Date of Award
Master of Arts (MA)
Krista Lynn Minnotte
Work-related travel has become more prevalent since the early 2000s due to the changing global economy (Jeong et al. 2013), and growth in job-related demands, such as traveling to meet customers, attend meetings, and participate in conferences (Gustafson 2006). Despite the benefits of overnight travel, there are drawbacks associated with traveling for work. Guided by role conflict theory and using secondary data from the 2008 National Study of the Changing Workforce, a subset of data was studied consisting of professional, managerial, and executive working mothers (N = 241) and working fathers (N = 257). This thesis considers how overnight work-related travel is related to mothers and fathers sleep problems, psychological distress, and health, while also taking into consideration control variables including, marital status, education, income, work hours, nonstandard hours, job autonomy, presence of preschool children, dual-earner status, race, and age. The results show that overnight work travel was not significantly related to psychological distress and health among mothers and fathers. Sleep problems was significantly related to mothers and overnight work travel, but not fathers. Implications, limitations, and areas for future research are discussed.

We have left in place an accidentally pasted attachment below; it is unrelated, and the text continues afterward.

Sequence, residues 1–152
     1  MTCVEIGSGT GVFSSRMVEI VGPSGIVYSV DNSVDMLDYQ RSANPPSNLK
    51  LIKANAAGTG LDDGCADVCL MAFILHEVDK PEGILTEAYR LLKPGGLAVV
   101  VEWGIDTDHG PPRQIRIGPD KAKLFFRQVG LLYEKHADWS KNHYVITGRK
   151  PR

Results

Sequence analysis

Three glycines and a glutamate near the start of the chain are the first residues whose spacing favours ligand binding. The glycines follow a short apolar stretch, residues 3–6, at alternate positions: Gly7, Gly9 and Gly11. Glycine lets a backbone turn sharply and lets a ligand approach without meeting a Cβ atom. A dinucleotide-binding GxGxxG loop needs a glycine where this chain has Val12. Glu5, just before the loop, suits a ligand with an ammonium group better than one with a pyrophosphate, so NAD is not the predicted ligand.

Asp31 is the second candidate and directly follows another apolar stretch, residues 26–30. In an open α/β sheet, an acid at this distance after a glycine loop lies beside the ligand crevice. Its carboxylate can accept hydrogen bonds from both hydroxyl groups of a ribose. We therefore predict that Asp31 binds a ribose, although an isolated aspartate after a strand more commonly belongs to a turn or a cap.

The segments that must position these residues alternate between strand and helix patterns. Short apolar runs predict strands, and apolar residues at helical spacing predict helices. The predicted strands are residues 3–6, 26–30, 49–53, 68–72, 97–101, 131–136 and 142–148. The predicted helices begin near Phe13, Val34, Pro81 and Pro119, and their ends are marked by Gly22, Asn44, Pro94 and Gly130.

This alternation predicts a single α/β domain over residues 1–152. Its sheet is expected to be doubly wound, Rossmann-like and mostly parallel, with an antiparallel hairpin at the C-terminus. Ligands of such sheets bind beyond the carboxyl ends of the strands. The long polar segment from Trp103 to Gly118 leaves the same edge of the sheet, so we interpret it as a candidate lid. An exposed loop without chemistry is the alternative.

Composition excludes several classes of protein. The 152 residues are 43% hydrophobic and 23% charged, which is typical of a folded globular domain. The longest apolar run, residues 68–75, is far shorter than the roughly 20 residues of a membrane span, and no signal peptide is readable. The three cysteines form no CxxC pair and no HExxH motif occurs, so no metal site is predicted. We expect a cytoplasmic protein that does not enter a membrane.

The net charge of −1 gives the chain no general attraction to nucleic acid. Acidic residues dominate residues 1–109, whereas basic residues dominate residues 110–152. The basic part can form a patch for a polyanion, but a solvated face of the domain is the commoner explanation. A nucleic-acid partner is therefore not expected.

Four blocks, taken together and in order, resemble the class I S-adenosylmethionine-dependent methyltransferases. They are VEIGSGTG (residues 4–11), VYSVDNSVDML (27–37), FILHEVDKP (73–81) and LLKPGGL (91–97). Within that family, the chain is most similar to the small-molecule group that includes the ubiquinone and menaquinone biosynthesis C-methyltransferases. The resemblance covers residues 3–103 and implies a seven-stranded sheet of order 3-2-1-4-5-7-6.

Martinson, Natalie, "The Effects Of Overnight Work Travel On Working Mothers And Fathers" (2018). Theses and Dissertations. 2280.